"It can be a way of creating a momentary world of 'you and me. take breaks to entertain the audience with an anecdote or self-effacing joke. but then go ahead and use defenses to avoid taking it personally. author of How to Attract Anyone. When you were a baby. If you notice the crowd waiting for you (even if it's only three people) and you get panicky. * You're the one they need. says Susan Rabin.' " * "No" doesn't mean never. so "you can say things you wouldn't ordinarily say and be more flirtatious. . for instance. who was a sought-after bachelor. But don't go rampaging off onto another topic. it doesn't have to mean that you intend to go any further. * Create a carefree alter ego. which makes people feel good. * Channel your infant appeal. "I want you to be spared pain and to make sure you continue flirting." * Be agreeable. before you could ask or persuade. You can only start one revolution at a time. Flirting just means letting other people know that you find them compelling. we shouldn't stifle our natural flirtatiousness. then you don't really care if they reject you or not. practice grounding techniques like feeling your feet against the floor. "Everyone prefers to hear 'you're right' rather than 'you're wrong. you'll sometimes get rejected. As adults.* Go for laughs. As you deliver important information. From Icy to Spicy: Embracing Your Inner Flirt You don't have to be scared of people you're attracted to." say Demarais and White. you would employ coy smiles and peekaboo eyes to attract loving attention.' " Doing this not only affirms their intelligence and values. * Think big. calls her sexy onstage persona "Sasha. but also shows that you find them likable. With only these charms. the higher the ratings he receives on his end-of-semester evaluations." Pop star Beyonce." explains Rabin. * Being friendly isn't teasing. Desberg has noticed that the more humor he employs in class. Quickly review to see if you committed a faux pas. making sure your listeners know what essential role they have to play." says Robert. "Show others where you have similar attitudes. When you show interest. like blaming the other person's bad taste or assuming they must have had a bad day. Audiences know when you've chosen to play it safe. Step outside your buttoned-down identity. even strangers adored you. provocative ideas. Instead. "If you feel more playful. Anyplace. Anytime. "When you show this attention. While you speak. focus on how much they need to hear what you have to say. Now try your luck with someone else." say Ann Demarais and Valerie White in First Impressions. commit yourself to exciting. if your pounding heart distracts you.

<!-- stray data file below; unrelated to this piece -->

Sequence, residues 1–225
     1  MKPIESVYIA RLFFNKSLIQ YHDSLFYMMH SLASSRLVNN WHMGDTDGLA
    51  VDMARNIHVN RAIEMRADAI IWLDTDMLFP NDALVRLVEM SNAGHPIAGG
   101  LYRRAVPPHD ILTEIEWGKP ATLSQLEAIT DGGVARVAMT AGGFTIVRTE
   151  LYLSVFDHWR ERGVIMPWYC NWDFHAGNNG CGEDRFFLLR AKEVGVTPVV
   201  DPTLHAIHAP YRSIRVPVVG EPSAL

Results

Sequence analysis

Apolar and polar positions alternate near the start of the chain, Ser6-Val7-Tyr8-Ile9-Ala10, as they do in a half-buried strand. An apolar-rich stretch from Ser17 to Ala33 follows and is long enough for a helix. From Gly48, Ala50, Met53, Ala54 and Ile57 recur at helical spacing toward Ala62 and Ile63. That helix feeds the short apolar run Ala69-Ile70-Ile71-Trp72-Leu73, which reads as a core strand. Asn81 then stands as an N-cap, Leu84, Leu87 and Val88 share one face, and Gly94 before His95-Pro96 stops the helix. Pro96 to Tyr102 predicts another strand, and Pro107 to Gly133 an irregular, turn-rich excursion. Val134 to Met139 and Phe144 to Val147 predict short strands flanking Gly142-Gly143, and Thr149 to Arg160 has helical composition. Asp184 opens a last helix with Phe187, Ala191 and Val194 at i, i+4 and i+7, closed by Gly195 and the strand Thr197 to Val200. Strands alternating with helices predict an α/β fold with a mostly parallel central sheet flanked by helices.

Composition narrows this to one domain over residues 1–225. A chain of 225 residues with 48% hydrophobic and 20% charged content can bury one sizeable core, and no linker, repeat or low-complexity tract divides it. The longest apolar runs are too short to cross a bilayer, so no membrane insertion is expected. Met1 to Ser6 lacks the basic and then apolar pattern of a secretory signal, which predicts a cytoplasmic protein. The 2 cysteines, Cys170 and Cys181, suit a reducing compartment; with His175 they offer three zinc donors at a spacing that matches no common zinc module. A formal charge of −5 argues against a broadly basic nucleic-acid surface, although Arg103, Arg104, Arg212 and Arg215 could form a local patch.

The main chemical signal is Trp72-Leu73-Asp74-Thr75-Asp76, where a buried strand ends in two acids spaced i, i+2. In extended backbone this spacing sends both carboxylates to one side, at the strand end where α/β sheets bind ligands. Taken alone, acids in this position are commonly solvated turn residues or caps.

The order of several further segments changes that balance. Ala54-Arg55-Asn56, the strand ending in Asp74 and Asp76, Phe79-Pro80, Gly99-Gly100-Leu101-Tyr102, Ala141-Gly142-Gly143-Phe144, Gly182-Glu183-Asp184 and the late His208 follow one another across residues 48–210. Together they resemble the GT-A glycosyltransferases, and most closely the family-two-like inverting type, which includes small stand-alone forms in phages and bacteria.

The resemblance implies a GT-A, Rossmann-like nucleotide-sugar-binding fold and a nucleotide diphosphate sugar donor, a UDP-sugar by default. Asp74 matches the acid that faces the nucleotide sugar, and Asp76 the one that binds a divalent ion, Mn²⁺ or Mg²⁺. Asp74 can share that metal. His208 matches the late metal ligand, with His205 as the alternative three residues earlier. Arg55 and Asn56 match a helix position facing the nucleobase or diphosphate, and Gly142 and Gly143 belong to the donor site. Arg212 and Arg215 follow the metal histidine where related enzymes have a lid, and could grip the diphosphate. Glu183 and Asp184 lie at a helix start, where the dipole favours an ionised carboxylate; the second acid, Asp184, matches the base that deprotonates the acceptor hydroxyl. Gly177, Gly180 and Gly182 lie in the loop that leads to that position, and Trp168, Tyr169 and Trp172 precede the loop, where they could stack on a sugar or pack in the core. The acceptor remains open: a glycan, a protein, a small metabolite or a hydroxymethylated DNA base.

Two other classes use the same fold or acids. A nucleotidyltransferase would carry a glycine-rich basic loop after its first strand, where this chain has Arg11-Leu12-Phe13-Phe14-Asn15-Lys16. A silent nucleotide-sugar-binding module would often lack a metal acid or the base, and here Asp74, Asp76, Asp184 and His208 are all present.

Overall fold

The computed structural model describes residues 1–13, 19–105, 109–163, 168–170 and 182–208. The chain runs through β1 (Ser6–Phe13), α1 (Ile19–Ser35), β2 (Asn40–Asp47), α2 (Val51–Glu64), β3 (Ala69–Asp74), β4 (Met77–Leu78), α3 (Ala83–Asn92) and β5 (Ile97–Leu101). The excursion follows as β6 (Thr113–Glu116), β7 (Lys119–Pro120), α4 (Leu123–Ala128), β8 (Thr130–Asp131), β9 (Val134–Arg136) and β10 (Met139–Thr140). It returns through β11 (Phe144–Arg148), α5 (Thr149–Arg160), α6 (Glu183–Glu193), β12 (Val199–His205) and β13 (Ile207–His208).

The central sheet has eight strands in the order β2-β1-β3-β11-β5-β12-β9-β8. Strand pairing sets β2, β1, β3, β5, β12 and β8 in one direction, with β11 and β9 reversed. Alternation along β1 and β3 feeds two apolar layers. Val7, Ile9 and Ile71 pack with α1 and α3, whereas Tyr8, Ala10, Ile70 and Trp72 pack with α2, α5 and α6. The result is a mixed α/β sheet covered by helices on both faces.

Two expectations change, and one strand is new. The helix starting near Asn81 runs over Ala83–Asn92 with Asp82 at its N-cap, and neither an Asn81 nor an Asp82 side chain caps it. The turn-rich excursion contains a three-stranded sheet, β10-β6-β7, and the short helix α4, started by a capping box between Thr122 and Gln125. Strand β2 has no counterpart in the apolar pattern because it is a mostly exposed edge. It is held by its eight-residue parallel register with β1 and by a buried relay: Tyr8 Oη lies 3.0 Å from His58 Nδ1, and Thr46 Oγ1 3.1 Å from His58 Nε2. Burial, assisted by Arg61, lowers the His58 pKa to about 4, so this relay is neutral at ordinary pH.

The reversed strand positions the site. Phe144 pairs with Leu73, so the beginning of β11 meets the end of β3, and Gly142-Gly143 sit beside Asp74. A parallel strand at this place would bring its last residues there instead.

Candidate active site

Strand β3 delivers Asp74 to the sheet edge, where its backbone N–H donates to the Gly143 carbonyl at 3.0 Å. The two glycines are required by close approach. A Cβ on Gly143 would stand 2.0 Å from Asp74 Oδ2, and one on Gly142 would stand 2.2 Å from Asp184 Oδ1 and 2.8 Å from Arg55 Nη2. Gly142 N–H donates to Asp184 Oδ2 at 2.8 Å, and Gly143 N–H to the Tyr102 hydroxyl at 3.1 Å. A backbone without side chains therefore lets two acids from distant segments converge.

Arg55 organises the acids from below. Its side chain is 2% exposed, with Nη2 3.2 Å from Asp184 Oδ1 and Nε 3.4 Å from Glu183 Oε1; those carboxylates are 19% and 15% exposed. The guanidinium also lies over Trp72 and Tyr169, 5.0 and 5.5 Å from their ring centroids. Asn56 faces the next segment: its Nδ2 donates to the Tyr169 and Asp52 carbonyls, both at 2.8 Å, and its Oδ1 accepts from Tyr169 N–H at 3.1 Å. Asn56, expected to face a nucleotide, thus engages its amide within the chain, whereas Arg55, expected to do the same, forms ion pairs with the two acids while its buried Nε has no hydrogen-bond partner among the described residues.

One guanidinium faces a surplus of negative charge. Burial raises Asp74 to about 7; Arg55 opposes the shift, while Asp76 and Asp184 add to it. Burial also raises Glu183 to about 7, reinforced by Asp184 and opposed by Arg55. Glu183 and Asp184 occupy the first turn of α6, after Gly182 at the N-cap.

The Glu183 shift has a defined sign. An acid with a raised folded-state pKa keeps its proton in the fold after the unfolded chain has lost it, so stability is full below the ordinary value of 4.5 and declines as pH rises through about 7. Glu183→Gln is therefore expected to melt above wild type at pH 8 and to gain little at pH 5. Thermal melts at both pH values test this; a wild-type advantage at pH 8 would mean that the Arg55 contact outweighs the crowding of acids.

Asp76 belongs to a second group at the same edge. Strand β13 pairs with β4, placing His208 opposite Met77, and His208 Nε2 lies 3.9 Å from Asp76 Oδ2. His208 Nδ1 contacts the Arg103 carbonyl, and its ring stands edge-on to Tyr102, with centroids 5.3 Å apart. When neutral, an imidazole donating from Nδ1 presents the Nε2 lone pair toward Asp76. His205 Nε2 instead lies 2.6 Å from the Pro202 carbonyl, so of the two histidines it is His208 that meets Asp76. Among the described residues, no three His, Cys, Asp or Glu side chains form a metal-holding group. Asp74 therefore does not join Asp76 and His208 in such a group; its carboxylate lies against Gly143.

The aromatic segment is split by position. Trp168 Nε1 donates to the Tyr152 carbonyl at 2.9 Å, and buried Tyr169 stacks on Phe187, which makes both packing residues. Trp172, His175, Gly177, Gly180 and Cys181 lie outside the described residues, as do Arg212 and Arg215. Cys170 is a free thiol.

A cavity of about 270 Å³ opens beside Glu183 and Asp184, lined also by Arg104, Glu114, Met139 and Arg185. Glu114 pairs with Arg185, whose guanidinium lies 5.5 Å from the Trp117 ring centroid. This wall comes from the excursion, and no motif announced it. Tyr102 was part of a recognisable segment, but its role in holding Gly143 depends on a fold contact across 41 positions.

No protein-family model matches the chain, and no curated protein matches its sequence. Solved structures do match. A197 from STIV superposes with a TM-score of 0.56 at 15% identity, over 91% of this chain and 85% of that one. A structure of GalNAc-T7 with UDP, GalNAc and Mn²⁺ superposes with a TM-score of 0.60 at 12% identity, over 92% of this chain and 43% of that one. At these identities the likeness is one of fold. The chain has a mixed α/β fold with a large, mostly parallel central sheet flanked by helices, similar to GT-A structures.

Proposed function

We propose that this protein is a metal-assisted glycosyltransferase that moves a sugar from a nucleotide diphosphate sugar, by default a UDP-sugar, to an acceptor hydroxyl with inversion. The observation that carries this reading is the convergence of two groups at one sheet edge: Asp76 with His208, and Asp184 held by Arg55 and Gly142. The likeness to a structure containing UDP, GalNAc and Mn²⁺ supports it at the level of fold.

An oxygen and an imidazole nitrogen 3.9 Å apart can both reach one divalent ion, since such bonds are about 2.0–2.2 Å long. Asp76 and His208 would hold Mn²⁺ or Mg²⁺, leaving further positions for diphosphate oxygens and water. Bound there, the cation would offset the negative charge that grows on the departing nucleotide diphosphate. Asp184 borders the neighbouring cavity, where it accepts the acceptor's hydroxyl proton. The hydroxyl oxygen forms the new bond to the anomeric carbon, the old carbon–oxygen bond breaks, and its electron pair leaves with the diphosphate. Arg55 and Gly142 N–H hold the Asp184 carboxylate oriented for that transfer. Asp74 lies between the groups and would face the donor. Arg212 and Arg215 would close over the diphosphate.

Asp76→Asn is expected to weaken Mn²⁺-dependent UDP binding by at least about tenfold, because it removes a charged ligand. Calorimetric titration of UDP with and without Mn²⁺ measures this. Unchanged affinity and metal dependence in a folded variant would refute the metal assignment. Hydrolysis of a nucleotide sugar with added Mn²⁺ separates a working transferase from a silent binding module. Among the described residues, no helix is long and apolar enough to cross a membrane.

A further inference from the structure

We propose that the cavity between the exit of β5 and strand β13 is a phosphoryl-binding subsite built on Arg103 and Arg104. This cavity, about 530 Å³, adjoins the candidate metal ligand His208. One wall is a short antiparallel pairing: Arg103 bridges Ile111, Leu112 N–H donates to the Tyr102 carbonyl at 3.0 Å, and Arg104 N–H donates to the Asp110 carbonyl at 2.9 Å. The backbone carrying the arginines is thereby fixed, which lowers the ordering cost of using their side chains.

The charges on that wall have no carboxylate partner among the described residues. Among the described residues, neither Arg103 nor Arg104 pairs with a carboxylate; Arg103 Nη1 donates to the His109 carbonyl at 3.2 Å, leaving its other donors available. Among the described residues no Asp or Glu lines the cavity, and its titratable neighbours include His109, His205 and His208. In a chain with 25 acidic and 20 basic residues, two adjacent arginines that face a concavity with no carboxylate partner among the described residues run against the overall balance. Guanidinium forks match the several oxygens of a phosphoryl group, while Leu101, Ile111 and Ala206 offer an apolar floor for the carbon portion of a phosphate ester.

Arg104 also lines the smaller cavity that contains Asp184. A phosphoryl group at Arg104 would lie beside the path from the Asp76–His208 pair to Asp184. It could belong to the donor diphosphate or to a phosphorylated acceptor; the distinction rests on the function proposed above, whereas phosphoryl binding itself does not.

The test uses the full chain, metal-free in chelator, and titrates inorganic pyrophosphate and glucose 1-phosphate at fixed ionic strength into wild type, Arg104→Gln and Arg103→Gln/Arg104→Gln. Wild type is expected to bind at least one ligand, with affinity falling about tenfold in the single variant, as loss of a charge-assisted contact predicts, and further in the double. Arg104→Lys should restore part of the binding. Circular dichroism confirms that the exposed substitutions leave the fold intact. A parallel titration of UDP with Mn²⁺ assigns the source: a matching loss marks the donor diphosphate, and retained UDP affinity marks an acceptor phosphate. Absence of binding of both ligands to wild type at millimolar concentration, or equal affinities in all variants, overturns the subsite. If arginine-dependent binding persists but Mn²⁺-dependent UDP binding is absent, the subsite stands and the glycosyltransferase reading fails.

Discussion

consider the costs of waiting. To counter this. and the interaction is more likely to go well. rather than on what they can do for you. After you've made a decision to stand up for yourself or your ideas. Before an important event. . Focus on "how you can help the people you meet. you'll shame yourself into taking action. says Desberg. Sounding Good. By bringing people together. Then select the issues that you actually control. note why you've stopped. Now tackle each issue. says Peter Desberg in Speaking Scared. * What are you avoiding? Let's say that you need to confront someone at the office and assert your own best interests. like Don Corleone. misgivings might paralyze you. until your fears dissipate. with methods such as a mock presentation. such as a job interview. * Shrink your boss. If you feel intimidated in somebody's presence. such as how you describe your accomplishments.Get More Respect at Work To be more visible and persuasive. "you will become powerful and vital. show others how your goals benefit everyone. but the prospect fills you with anxiety. After you realize that you're writing down the same silly excuse over and over. try this suggestion from Erika Hilliard: Imagine your body growing until your head skims the ceiling. * A shortcut to stop procrastinating. and compare those to the benefits of doing it." * Set goals under your control. * Network without seeming desperate. If this happens. list the anxiety-provoking factors. See yourself smiling warmly." says psychologist Bernardo Carducci. Now your boss looks like a 5-year-old child who wants a hug.